on 07-16-201303:11 PM - last edited on 08-26-201312:22 PM by cboysen
As a mechanical engineer by education, I’m still a little uneasy about carrying the word “marketing” in my job title.
I spent the first ten years of my career at Caterpillar as a sales engineer and territory manager working in North and South America, calling on customers and consulting engineers who usually had a very real and very specific technical requirement that revolved around getting the right product or service to ensure reliable power for their business. It wasn’t only about meeting a business plan, but ensuring success for our customers, our dealers, and Caterpillar. Needless to say, this seemed like very serious, important stuff.
When I got called back to help support Electric Power Division’s global marketing communications efforts, I thought I had all the answers. I knew what mattered to our dealers and customers. I knew what the missing tools were. I knew what information was needed and who to send it to. Boy, was I wrong.
This marketing stuff was a lot harder than I thought. For example, demonstrating the value of investing in a combined heat and power system to a greenhouse operator in Russia, drumming up investment in biogas energy in Argentina, and just trying to earn coverage in Chinese trade publications isn’t as easy as it sounds. The fact that most of my customers don’t share my native language only makes it that much more difficult.
I found myself scrambling, begging and pleading with our international sales team to please proofread an advertisement, check an article or ensure a website was working properly. We are translating our core of customer stories, videos and brochures into seven languages with more than a few mistakes along the way. If you need references for what exactly can go wrong with international marketing just ask Pepsi Co., whose 1980’s slogan “Come alive with the Pepsi Generation” translated loosely in Chinese as “Pepsi will bring your ancestors back from the grave”. Or ask Chevrolet , whose famously named “Nova” model turned out to mean “No Go’ in Spanish. Needless to say, there were not may Novas cruising Latin American cities.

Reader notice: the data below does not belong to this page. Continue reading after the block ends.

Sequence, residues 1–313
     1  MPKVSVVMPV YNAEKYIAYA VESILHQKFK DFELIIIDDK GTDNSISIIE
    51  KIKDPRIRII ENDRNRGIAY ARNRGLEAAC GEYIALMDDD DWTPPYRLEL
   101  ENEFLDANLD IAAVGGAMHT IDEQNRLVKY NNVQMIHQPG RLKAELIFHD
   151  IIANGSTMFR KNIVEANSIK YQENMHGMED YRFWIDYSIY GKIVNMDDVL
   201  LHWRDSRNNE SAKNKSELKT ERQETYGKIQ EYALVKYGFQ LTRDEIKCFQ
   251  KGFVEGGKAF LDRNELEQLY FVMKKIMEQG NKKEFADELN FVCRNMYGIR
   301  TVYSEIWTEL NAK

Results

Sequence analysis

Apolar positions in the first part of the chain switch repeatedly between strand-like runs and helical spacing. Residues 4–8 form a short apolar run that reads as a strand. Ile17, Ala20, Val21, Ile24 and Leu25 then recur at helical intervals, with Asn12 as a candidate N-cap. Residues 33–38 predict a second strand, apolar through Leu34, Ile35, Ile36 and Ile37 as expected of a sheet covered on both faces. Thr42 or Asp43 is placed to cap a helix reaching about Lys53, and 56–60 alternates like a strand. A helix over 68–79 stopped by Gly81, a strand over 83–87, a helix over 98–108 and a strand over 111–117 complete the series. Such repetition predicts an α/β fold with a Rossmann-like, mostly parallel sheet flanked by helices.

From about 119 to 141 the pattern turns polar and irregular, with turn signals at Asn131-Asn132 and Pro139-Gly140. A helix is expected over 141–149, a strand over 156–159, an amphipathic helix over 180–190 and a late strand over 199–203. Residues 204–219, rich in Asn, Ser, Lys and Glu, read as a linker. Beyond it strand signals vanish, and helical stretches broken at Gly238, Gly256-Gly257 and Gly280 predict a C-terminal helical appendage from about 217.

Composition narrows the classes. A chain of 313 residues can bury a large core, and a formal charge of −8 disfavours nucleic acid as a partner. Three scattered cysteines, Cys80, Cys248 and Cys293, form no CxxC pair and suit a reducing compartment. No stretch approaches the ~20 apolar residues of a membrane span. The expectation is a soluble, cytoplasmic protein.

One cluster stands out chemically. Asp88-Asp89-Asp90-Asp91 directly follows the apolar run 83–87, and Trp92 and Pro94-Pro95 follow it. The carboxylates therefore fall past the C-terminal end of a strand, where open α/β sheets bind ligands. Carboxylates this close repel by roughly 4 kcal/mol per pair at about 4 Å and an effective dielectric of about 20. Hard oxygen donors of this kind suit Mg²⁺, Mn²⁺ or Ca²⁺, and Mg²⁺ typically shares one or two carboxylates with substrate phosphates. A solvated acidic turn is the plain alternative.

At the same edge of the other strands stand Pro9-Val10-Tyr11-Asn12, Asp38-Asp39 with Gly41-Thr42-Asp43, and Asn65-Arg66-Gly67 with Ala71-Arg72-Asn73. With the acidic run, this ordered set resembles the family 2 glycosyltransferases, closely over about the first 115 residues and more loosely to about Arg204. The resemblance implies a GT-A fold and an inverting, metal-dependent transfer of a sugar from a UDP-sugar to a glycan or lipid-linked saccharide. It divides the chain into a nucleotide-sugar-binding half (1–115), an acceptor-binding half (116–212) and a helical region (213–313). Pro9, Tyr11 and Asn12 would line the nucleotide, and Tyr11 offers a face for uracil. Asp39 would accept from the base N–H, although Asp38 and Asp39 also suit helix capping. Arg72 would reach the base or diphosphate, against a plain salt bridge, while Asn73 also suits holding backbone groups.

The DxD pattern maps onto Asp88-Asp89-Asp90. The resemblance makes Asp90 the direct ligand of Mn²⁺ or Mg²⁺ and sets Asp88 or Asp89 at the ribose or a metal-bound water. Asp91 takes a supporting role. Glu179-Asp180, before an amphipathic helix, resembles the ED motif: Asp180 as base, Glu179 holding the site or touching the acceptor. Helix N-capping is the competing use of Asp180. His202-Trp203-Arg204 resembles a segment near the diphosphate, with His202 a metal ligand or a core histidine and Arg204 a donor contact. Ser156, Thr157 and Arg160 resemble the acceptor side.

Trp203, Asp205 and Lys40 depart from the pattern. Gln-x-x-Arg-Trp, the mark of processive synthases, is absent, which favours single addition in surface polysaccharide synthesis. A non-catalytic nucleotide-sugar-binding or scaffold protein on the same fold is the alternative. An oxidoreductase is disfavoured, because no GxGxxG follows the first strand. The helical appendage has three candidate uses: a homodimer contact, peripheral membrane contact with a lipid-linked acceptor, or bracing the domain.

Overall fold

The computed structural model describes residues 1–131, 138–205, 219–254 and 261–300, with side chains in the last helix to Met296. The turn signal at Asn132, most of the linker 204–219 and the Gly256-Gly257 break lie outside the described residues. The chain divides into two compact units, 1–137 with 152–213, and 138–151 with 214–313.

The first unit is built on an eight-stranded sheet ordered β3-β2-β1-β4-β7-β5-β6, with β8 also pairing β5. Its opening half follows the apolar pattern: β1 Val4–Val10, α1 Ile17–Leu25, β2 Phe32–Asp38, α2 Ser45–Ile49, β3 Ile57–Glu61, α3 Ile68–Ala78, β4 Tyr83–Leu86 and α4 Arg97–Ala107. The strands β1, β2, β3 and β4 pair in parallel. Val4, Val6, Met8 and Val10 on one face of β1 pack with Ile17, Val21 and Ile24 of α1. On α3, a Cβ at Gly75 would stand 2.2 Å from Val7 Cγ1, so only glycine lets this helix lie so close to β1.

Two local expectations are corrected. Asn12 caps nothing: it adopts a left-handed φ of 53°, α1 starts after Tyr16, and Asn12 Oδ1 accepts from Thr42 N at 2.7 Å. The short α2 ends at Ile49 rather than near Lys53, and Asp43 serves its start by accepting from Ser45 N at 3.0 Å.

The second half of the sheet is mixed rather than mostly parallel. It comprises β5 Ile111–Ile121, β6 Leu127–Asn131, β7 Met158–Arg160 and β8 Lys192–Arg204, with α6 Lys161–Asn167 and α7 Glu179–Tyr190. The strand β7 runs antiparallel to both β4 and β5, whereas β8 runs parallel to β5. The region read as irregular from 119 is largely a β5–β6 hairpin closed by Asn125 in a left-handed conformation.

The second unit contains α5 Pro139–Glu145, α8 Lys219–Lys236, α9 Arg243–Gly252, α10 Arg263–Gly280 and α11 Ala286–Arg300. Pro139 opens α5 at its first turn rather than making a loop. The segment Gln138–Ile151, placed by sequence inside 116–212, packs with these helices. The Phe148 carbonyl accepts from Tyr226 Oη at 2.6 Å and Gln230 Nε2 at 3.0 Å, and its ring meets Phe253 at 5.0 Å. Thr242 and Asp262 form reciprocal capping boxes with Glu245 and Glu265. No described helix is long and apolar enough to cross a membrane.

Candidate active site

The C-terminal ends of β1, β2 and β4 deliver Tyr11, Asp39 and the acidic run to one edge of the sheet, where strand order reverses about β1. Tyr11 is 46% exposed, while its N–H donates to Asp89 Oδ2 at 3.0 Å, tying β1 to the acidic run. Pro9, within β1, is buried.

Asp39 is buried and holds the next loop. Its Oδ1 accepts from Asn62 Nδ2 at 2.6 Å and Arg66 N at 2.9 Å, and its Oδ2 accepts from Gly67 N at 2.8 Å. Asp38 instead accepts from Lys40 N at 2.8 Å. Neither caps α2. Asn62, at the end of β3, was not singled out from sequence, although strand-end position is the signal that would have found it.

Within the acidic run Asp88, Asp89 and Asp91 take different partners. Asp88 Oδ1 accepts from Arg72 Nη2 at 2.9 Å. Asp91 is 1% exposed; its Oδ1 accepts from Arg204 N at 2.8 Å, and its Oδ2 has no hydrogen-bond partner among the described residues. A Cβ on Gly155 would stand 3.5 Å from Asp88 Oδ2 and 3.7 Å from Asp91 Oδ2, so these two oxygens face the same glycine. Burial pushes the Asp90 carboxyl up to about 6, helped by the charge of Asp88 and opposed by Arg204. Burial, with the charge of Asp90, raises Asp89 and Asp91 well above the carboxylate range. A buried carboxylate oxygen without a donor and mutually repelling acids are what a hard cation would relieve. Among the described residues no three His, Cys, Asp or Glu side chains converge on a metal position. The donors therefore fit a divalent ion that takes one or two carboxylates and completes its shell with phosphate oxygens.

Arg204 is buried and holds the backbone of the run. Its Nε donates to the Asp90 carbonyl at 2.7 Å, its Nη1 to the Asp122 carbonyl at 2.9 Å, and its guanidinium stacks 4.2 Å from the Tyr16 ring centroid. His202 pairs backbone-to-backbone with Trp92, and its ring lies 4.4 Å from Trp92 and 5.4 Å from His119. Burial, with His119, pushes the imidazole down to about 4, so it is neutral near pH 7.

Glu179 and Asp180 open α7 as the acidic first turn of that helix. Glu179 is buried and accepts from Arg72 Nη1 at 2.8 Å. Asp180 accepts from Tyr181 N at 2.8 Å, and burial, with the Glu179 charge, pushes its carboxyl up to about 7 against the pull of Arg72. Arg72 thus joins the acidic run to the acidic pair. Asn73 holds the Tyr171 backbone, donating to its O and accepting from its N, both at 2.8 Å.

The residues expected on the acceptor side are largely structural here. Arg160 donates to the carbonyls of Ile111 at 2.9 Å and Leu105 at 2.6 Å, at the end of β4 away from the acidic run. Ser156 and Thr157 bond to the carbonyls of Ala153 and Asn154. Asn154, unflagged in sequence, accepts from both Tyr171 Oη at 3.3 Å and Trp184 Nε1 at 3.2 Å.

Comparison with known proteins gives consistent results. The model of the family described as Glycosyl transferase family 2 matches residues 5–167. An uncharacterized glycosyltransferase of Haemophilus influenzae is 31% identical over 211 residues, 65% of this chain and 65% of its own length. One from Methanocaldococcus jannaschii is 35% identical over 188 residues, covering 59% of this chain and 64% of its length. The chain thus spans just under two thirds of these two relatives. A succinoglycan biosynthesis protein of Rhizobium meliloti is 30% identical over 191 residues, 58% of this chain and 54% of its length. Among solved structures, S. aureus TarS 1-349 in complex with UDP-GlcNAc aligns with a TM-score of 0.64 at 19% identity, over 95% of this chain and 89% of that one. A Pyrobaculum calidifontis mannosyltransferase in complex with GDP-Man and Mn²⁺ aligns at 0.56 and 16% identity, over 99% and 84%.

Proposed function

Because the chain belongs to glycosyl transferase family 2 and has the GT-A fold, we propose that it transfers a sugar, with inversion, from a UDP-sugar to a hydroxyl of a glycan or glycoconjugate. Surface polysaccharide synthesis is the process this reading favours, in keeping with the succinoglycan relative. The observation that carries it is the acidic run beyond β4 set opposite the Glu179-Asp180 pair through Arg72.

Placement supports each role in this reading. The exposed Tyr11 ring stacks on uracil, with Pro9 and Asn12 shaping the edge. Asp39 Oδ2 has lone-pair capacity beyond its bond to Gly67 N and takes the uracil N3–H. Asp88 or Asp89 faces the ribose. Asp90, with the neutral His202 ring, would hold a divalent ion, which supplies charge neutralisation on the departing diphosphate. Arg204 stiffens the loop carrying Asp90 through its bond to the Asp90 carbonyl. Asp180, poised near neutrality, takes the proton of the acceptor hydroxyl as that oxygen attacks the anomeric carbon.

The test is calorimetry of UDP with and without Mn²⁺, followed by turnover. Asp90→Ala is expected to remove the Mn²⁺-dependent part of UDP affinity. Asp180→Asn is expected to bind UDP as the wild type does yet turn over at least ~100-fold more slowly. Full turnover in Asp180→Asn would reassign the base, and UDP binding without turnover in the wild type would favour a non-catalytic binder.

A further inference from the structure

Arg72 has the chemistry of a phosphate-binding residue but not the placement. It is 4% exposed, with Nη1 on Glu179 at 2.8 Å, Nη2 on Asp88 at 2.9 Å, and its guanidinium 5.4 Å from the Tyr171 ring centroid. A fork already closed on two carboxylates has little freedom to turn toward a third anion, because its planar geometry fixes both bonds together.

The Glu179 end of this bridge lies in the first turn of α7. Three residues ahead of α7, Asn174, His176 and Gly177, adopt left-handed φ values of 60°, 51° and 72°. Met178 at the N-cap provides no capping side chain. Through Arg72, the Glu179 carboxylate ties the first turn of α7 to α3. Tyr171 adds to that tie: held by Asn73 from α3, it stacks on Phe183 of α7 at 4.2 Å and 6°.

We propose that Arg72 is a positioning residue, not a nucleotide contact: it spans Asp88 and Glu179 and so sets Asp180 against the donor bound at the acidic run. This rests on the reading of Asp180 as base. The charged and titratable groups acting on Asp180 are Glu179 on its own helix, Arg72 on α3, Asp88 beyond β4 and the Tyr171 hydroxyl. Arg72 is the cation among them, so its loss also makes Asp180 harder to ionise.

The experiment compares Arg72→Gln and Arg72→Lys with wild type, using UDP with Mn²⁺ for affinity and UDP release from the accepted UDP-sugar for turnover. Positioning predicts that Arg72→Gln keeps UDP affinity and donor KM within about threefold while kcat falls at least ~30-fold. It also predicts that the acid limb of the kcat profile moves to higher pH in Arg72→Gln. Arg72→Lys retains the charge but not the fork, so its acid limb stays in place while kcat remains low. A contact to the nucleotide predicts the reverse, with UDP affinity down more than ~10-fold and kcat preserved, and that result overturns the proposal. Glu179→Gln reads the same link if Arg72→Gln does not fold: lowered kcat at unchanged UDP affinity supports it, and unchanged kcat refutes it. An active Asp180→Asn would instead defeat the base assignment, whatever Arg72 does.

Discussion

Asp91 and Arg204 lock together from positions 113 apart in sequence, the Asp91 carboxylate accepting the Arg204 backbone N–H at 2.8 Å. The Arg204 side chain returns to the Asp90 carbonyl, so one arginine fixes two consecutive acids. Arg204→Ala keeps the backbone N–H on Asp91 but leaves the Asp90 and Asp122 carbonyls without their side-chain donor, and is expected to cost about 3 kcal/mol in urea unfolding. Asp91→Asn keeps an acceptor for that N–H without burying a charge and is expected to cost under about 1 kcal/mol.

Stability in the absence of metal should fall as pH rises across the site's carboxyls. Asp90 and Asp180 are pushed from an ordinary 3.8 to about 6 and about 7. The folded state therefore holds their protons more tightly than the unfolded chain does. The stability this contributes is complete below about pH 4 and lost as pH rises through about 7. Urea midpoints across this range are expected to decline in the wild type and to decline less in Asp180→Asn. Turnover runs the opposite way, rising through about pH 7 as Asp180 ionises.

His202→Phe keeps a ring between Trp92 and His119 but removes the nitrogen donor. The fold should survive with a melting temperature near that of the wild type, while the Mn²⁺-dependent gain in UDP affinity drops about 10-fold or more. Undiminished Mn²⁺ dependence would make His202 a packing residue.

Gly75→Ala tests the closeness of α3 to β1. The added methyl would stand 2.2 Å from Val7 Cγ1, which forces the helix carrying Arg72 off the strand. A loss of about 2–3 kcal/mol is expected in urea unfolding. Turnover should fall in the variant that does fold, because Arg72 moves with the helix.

Well, we at Caterpillar are doing our best to improve access to relevant information for all customers, no matter where you live or what language you speak. We’re in the process of overhauling our public website to have more consistent and accessible product information. We’ve created many purpose-built informational websites surrounding power generation, including our multi-lingual renewable and natural gas information site: www.catgaspower.com.
We are adding more YouTube videos of our customers telling their stories about how renewable energy projects are being financed, how developing African countries, like Tanzania, are using domestic natural gas to improve lives, and even how one customer has been able to operate and maintain the same engine for 60 years. We’re blogging (obviously), and we’re getting more into the publishing business with our quarterly power magazine, RunReady, offering free subscriptions through local dealers.
I think that a lot of the engineers that I work with at Caterpillar’s LafayetteEngineCenter are starting to see that maybe this “marketing stuff” does involve actual work. It may not be as technically challenging as designing a new piston, but maybe just as time consuming.
We hope we’re providing information that is interesting and valuable to you, our customers, and we still want to hear from you. Talk to us. We’re listening.
What could Caterpillar be doing to improve your customer experience and decision making process?
What is the most important information about Cat products that you need to build strategies for your business?
Are there any other places you’d like to be able to research Cat products that we’re missing?